The 1963 Army-Navy Game had been scheduled for Saturday, November 23. It was postponed. Most college games were postponed. But the Nebraska-Oklahoma rivalry went on as scheduled. (Nebraska won, 29-20.)
When the announcement that JFK was dead reached us at 2:38 PM Eastern Time on November 22, it was a Friday afternoon, and decisions had to be made to play or postpone games. Here in the New York Tri-State Area, the Nets, Islanders and Devils did not yet exist. The Yankees and Mets were in the off-season, so they were not affected. The Rangers were not scheduled for that night. The Knicks were, and, for the 1st time in the franchise's 17-year history, one of their games was postponed.
East Brunswick High School was supposed to play football on the Saturday, against neighboring Sayreville. The game was postponed, and, for the first time in the then-new school's 3-year football history, a game was played on Thanksgiving. E.B. won, 13-12. We always beat Sayreville, losing to them only once from our football debut in 1961 until 1990. Since then, they've had our number, including this season, although we did beat them on the road in the Playoffs last season.
Anyway, E.B. did not play on Thanksgiving Day again until 1978, because our athletic director at the time, Jay Doyle, for whom our stadium would be named after his 1972 death, didn't like the idea. Maybe he was right: From 1984 onward, we've only won on T-Day twice.
The Giants and Jets were, from 1960 to 1969, in separate leagues. American Football League Commissioner Joe Foss was the leading Marine Corps flying ace of World War II (26 shootdowns), a winner of the Congressional Medal of Honor, and a Governor of South Dakota. His political career ended in 1958 when, rather than run for a 3rd term as Governor, he ran for Congress, and was defeated by another WWII pilot, bombardier George McGovern. After his tenure as AFL Commissioner, he became the President of the National Rifle Association. He died in 2003, age 84.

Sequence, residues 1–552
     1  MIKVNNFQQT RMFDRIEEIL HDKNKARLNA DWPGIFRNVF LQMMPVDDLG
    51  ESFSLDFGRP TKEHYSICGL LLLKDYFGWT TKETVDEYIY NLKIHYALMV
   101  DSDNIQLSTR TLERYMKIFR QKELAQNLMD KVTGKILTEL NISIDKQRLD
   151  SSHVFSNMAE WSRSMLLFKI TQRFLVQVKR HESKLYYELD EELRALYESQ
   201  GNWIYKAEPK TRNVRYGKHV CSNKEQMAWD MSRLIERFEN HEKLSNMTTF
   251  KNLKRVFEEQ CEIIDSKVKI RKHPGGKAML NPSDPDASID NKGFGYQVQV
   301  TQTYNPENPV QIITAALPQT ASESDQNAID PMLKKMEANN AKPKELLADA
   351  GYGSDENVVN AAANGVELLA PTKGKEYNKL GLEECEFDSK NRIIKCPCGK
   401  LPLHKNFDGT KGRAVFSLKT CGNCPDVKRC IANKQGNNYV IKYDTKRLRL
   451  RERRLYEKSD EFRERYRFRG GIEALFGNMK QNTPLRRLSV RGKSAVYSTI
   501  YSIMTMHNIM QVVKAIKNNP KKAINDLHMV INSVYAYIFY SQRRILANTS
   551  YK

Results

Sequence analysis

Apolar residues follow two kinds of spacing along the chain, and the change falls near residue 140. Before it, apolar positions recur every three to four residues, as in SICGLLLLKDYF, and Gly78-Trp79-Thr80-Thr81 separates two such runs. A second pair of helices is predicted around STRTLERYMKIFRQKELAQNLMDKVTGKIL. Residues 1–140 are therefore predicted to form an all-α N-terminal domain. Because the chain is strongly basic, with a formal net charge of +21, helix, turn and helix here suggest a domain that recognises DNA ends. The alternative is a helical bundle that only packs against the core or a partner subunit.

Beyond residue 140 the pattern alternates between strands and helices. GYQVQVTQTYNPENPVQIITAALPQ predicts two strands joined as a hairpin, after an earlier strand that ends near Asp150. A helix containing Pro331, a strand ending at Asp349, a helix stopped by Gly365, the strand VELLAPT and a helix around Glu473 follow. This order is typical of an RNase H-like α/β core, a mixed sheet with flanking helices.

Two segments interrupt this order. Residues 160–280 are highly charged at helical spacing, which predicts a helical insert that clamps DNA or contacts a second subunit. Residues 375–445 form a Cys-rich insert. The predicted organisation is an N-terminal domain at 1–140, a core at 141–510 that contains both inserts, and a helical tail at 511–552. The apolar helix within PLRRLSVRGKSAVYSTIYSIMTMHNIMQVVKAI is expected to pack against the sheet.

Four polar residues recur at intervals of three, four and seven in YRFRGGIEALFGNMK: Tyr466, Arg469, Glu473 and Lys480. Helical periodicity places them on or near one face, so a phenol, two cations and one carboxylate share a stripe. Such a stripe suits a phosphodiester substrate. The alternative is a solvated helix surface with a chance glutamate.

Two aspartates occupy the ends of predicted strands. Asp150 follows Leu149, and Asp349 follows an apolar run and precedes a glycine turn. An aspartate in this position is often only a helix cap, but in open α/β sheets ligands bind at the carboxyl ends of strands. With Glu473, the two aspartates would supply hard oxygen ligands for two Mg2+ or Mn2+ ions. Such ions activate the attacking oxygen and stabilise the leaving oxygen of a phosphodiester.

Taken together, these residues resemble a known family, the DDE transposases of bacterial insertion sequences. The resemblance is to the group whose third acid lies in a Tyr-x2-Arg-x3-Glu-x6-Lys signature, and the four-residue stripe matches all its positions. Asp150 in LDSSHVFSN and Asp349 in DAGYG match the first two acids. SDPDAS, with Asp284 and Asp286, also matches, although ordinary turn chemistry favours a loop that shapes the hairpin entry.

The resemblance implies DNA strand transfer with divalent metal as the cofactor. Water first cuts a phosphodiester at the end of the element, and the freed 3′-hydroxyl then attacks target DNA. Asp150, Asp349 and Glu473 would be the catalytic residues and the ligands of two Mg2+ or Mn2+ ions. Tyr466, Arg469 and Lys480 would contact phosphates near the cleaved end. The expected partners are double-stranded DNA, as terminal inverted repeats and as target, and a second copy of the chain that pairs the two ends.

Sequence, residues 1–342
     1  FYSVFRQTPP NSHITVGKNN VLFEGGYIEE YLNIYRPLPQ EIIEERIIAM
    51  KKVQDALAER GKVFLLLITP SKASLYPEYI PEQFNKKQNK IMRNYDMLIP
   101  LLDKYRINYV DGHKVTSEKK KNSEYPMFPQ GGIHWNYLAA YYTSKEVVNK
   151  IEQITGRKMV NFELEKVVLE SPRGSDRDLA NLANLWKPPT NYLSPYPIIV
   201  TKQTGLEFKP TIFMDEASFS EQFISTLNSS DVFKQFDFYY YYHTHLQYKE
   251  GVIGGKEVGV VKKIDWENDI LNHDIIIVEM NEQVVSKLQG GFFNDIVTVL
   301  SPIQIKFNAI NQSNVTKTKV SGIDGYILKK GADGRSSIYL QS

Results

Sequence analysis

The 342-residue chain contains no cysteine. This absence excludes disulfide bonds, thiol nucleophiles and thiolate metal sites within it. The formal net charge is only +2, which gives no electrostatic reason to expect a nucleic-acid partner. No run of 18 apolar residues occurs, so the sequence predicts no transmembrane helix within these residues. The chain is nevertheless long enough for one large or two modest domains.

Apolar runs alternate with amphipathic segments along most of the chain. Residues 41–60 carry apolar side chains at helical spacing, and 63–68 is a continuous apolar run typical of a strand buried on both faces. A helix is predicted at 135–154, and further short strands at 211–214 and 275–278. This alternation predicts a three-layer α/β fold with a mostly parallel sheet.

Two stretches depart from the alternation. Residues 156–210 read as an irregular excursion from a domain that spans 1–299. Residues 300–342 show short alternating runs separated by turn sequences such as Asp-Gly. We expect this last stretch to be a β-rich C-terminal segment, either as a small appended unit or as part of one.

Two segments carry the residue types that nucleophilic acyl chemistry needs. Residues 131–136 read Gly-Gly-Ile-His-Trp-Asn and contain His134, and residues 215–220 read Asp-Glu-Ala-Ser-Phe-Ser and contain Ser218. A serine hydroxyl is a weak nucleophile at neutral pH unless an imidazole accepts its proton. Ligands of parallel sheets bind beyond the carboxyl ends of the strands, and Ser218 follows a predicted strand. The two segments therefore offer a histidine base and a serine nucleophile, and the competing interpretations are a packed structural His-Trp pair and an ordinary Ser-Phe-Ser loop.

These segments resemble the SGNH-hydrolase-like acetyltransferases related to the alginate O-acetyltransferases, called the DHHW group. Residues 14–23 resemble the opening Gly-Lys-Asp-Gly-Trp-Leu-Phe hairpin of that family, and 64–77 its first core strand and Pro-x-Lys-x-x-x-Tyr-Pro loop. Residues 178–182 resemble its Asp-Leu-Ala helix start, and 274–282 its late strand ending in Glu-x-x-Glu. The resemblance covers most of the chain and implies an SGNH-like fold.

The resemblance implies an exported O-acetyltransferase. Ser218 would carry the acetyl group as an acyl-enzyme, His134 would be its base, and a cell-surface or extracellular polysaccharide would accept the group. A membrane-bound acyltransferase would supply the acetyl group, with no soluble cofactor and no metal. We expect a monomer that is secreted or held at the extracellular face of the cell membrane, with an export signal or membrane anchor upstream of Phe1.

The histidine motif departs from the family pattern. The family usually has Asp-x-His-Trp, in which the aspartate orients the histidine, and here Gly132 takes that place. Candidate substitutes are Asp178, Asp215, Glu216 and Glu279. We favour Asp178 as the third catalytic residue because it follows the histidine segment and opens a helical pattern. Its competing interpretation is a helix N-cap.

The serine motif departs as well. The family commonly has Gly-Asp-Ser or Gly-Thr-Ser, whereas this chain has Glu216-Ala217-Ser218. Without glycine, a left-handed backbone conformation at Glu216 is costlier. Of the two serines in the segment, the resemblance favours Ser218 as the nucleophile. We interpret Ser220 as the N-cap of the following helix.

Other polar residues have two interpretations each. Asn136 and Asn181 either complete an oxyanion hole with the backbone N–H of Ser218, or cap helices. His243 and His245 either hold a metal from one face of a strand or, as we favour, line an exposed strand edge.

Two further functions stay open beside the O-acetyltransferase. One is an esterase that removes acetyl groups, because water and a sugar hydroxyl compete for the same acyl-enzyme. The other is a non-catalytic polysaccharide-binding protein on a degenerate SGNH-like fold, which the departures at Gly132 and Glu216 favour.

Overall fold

In 1993, interviewed by CBS Sports on the 30th Anniversary of the assassination, Foss made it clear: "The vote of the owners was unanimous: The show must not go on." Although he was a Republican (being rich guys, sports owners tend to be conservative, even nice guys like Pittsburgh Steelers founder Art Rooney and his sons who now run the team), Foss was an American first, and decided that the right way to honor the fallen President was to postpone that week's slate of AFL games.
The owners of the 8 teams the League then had all agreed: Lamar Hunt of the Kansas City Chiefs (a Dallas native and the AFL's founder), Billy Sullivan of JFK's hometown Boston Patriots, Ralph Wilson of the Buffalo Bills, Gerald Phipps of the Denver Broncos, Bud Adams of the Houston Oilers, Wayne Valley of the Oakland Raiders, Barron Hilton of the San Diego Chargers, and Leon Hess and Sonny Werblin of the New York Jets.
The National Football League was a different story. Having less than 48 hours to decide, Pete Rozelle, in only his 4th season as Commissioner, made a phone call to Pierre Salinger, who had been his roommate at the University of San Francisco, and was now the White House Press Secretary and close to the Kennedy family. Salinger said that JFK wouldn't have wanted the games canceled just because he was dead. So Rozelle said the games would go on.
Sports Illustrated named him Sportsman of the Year for 1963
for his handling of both the JFK situation and the gambling scandal
involving Paul Hornung of Green Bay and Alex Karras of Detroit.
Rozelle and Salinger were both still alive when CBS did that anniversary piece on the games that went on in 1993. Sam Huff, then one of the NFL's top defensive players with the New York Giants, soon to join the Washington Redskins, and now a longtime broadcaster for them, thinks it was a mistake.
As the most famous living athlete in the State of West Virginia (even more, at that point, than basketball star Jerry West), he had campaigned with JFK in the 1960 West Virginia Primary, which was so crucial to his winning the nomination. In that CBS retrospective, Huff said Rozelle and Salinger made a mistake: "I think it should have been Jackie's call."
Jacqueline Kennedy was truly remarkable in how she put her husband's funeral together under the most trying of circumstances. But, at that point, I don't think she would have given a damn whether football games were played that Sunday or not.
Jackie with Ted. Bobby would have been on the other side of her,
but was cropped out of this photo for some reason.
And in that retrospective, they included an interview done with Rozelle upon his retirement as Commissioner in 1989. In it, he admitted that letting the games be played was his biggest mistake on the job. Rozelle died in 1996, age 70.